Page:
This research focused primarily on the maturity of South African schools by measuring different aspects of cybersafety readiness, and made an overall contribution to establishing a cybersafety society within the schools. Cybersafety maturity is defined in this research as the readiness of schools to include cybersafety within the school environment. The research focuses on understanding what is currently being done in schools and where schools are lacking in providing a safe cyber environment for school learners in South Africa. The main research questions for this research include (1) Do South African schools have the maturity to assist school learners regarding cybersafety awareness?, and (2) How can South African schools be assisted to improve their cybersafety maturity if needed? The research objectives for this research include (1) an investigation to measure the maturity of South African schools and (2) identifying different countermeasures that can be implemented within the school environment to improve cybersafety maturity in schools.
The scope of the outcomes (linked to the research objectives) of this research includes (1) the analysed viewpoint of the current cybersafety maturity of South African schools, and (2) proposed guidelines that schools can implement to create and/or improve the cybersafety culture within South African schools. The contribution of the research is to plot the cybersafety maturing of schools within South Africa. The contribution also includes a proposed guideline that can assist schools to improve their cybersafety maturity within schools.
The article is divided into the following sections: Section 1 (this section) provides an overview and introduction to the research. Section 2 aims to provide a literature review regarding the main focus of the research, which includes cybersafety for schools. Section 3 provides the methodology of the research. Section 4 focuses on data gathering, data analysis and discussions on the research findings. Section 5 proposes cybersafety guidelines that can assist schools to improve cybersafety within the school environment. Section 6 concludes the research and provides insight into future research that can be conducted in this research field.

2. Cybersafety for Schools

Cyberspace has numerous advantages that include work-related activities, socialisation, entertainment, education and information gathering. An area where cyberspace is becoming more prominent is the education environment. Preparing school learners for the 4th Industrial Revolution and equipping them with 21st century learning skills have become a global mandate within the education environment. More school learners have access to Information Community Technology (ICT) and ICT devices (mobile phones and tablets), and cyberspace. According to Kritzinger [16], more than 90% of school learners in South Africa have mobile phones, with the majority of the phones having internet connectivity. This allows school learners to access cyberspace, in many cases without the involvement (monitoring) of parents [17,18]. Terminology related to cyberspace includes cybersecurity and cybersafety that is linked to protecting users within cyberspace. There are a number of different viewpoints related to defining cybersecurity and cybersafety.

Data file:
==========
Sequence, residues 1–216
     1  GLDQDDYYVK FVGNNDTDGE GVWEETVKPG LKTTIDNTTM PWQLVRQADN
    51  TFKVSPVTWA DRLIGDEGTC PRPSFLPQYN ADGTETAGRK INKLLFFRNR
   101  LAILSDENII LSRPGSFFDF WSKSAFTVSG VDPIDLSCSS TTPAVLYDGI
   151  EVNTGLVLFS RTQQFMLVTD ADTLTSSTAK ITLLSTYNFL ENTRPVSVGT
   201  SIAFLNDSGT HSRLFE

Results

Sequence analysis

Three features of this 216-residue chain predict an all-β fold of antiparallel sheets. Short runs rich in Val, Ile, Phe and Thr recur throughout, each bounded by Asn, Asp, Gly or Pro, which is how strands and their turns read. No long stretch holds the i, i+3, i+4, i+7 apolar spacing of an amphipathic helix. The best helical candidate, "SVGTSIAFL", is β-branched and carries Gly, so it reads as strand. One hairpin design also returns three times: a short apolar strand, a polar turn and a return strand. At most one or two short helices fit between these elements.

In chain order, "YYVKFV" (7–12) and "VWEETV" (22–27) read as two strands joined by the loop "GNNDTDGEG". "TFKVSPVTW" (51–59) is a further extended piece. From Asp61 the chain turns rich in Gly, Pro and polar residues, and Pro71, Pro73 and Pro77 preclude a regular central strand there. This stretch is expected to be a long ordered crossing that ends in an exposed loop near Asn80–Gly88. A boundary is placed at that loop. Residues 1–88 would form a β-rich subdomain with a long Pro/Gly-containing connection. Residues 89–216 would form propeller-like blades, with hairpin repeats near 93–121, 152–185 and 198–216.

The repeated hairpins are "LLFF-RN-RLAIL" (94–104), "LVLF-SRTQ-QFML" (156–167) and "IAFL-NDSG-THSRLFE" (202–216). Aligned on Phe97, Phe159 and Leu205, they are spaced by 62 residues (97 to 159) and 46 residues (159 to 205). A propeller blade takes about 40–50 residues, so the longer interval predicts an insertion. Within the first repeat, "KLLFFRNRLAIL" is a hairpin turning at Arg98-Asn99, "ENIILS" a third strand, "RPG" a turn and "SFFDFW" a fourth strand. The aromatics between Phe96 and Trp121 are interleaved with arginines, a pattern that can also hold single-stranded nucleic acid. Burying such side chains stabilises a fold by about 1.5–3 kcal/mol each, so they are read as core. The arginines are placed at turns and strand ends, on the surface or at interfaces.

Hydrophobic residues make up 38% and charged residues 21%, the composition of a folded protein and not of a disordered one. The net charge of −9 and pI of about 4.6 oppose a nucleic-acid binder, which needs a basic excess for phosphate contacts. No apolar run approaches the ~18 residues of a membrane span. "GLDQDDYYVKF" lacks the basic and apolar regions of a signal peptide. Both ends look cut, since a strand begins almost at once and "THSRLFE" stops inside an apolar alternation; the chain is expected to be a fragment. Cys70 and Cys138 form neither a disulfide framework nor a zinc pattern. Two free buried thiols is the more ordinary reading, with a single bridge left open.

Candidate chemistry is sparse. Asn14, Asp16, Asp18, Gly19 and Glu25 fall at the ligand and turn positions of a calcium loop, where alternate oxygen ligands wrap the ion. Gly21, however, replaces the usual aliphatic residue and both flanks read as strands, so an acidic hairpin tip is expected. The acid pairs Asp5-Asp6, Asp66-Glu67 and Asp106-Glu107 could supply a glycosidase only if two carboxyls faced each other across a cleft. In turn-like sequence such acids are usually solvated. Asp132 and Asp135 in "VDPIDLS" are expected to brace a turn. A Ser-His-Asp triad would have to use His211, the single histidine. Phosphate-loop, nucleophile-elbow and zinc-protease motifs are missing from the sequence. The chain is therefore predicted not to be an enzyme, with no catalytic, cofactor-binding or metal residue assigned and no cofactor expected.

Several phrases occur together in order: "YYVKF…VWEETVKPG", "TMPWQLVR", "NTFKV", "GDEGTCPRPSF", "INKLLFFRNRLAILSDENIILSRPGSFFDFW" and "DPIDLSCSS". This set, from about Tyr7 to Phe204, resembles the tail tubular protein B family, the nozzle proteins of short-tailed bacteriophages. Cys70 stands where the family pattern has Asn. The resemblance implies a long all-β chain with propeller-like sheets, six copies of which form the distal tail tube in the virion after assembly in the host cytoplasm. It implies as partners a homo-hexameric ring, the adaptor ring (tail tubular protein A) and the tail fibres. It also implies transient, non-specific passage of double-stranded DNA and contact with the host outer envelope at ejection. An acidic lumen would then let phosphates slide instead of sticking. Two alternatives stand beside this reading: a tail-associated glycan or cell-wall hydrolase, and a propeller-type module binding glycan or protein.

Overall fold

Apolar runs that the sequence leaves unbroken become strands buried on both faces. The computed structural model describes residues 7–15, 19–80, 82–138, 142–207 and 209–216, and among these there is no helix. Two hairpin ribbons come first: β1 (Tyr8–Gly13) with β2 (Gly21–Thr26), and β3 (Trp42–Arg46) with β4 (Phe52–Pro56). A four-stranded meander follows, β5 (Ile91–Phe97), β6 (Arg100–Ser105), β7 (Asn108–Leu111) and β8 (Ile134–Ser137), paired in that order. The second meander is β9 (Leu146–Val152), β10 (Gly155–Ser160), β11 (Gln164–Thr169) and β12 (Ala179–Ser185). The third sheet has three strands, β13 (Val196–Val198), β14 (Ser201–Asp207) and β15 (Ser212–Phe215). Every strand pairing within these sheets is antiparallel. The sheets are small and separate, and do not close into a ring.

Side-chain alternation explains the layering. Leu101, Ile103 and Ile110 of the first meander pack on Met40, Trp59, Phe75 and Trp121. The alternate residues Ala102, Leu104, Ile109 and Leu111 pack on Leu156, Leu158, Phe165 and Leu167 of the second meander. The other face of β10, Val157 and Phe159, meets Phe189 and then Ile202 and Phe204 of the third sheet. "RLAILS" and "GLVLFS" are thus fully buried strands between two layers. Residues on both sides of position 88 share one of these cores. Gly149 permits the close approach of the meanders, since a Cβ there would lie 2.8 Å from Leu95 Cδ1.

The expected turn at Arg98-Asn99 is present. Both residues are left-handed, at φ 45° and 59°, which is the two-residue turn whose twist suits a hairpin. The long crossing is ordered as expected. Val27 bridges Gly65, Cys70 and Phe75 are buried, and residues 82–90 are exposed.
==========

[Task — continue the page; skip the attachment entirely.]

The advantages of access to cyberspace come with a downside that includes cybercrimes (risks and threats) that can cause harm to the cyber user, especially school learners [19]. It is important to note that cyberspace does not differentiate between adults and children. Age is irrelevant, and all users are equally susceptible to cybercrime. These cyber risks and threats include cyberbullying, sexting and violation of privacy [20]. Learners are using ICT and ICT devices increasingly within their learning environment (at school), and it is becoming more important to educate them on cybersafety [3,21,22]. Schools have a mandate to protect learners and ensure their safety within the educational learning environment [23,24]. Globally, school learners are seen as an easy target for cyber criminals to prey upon and exploit [25,26]. Schools play a vital role in cultivating and growing a cybersafety culture within the school environment [12,15,27]. The questions that arise include the following: Are schools prepared or properly equipped by government and management authorities to engage in cybersafety awareness? Are schools (within South Africa) contributing to growing a cybersafety culture among school learners? How do schools assist schools, teachers and school learners? All these questions contribute to the rising concern that not enough is being done to support school learners in their social and educational activities within cyberspace. This research investigated the maturity of South African schools and their readiness to ensure cybersafety, and considered how to change the current culture for the safety of schools, teachers and learners. The investigation focused on four main factors that address cybersafety readiness, namely leadership and policies, infrastructure, education, and standards and inspection.
Educators (teachers) play a vital role in the cybersafety education process within the school environment and among school learners [28,29]. However, cybersafety should ideally be addressed by school management, not by the teachers and learners. Teachers within South African schools are ill-equipped to deal with issues related to cybersafety due to a lack of knowledge and skills [16,28,30]. This research focused primarily on the improvement of cybersafety within South African schools in order to align with international cybersafety initiatives for teachers. However, before the cybersafety of teachers can be addressed, the cybersafety maturity of the schools needs to be determined. Only if schools make cybersafety a priority, will teachers follow.